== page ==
This major emphasizes the use of computers to solve mathematically modeled physical problems. Students often pursue positions as mathematical analysts, scientific programmers, software engineers, or systems analysts. Job opportunities in private industry and government abound in this field.


To view the a more detailed list of courses for this program, click here.
Rochester Institute of Technology College of Science

The curriculum provides a foundation in mathematics through courses in calculus, differential equations, graph theory, abstract and linear algebra, mathematical modeling, numerical analysis, and several other areas. You will gain extensive computing skills through a number of high-level programming, system design, and other computer science courses.

Although cooperative education is optional for computational mathematics students, many participate for three or more months in paid, professional co-op positions before graduation. Students have worked in a variety of settings on problem-solving teams with engineers, biologists, computer scientists, physicists, and markting specialists. For more information and co-op listings, visit the RIT Office of Cooperative Education and Career Services.

Mathematicians use mathematical theory, computational techniques, algorithms, and the latest computer technology to solve economic, scientific, engineering, physics, and business problems. [Also see Career Overviews for Applied Mathematics, Software Engineering, and Computer Science]  

(Source: U.S. Bureau of Labor Statistics Occupational Outlook Handbook) 

Computational mathematics majors may complete a dual degree in as little as one extra year of study. You can complete a BS in computational mathematics and an MS in computer science to give you an edge over many computer science majors entering the workforce. You may also combine a BS in computational mathematics with an MS in applied and computational mathematics.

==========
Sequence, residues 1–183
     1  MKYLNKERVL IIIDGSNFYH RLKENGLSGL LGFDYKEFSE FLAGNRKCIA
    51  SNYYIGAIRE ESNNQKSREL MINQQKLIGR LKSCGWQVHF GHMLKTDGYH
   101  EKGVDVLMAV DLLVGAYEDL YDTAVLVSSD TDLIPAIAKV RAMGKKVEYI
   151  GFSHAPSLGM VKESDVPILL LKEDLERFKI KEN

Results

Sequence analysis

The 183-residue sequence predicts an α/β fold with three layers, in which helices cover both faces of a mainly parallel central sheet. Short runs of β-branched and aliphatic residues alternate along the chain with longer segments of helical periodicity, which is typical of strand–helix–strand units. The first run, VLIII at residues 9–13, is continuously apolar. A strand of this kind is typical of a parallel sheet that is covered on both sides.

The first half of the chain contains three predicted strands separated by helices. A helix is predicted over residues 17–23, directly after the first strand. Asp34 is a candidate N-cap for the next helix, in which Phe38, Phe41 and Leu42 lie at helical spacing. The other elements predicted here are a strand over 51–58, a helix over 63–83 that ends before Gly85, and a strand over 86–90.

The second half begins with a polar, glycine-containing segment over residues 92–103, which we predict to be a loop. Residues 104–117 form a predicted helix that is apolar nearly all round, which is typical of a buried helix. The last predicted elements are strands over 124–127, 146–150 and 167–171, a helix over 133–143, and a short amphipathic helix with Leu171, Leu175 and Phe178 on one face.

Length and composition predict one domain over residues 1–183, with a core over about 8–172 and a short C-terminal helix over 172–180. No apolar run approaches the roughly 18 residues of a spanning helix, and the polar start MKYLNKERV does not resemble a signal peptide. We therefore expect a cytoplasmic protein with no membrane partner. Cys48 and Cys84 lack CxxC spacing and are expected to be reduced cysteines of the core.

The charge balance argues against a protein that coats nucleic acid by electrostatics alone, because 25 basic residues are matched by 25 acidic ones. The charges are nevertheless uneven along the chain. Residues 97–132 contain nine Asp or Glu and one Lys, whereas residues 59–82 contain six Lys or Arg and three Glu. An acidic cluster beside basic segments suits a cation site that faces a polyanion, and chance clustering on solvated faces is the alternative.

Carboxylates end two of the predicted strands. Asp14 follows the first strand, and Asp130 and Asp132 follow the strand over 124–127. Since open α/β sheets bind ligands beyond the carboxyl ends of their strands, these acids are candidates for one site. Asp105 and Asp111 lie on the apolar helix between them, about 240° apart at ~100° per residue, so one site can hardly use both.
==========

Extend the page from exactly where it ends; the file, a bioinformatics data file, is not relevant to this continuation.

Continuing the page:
Employment of mathematicians is expected to grow about as fast as the average for all occupations. However, keen competition for jobs is expected. Employment of mathematicians is expected to increase by 16 percent during the 2010–20 decade. Advancements in technology usually lead to expanding applications of mathematics, and more workers with knowledge of mathematics will be required in the future. [Also see Career Overviews for Applied Mathematics, Software Engineering, and Computer Science]

(Source: U.S. Bureau of Labor Statistics O.O.H.) 

 

BS-only: $62,932 (average); $55,000-$70,000 (range)

Statistics from the National Association of Colleges and Employers (NACE) for 2010-2011 graduates

Most often the work involving computational mathematics is done by persons whose titles are other than "mathematician," such as software engineer, computer scientist, analyst (e.g. operations research), cryptanalyst (codes), actuary, market Researcher, or financial advisor.

Bausch & Lomb Inc., CooperVision, Inc., Digital Receiver Technology, Inc., Epic, Google, Harbridge Consulting Group, Hewlett-Packard, Lockheed Martin Corp., Los Alamos National Laboratory, Microsoft Corporation, Maxwell Systems, National Geospatial-Intelligence Agency, National Security Agency, Oak Ridge National Laboratory, Ortho-Clinical Diagnostics, Thomson Reuters, University of Rochester Medical Center, Xerox Corp.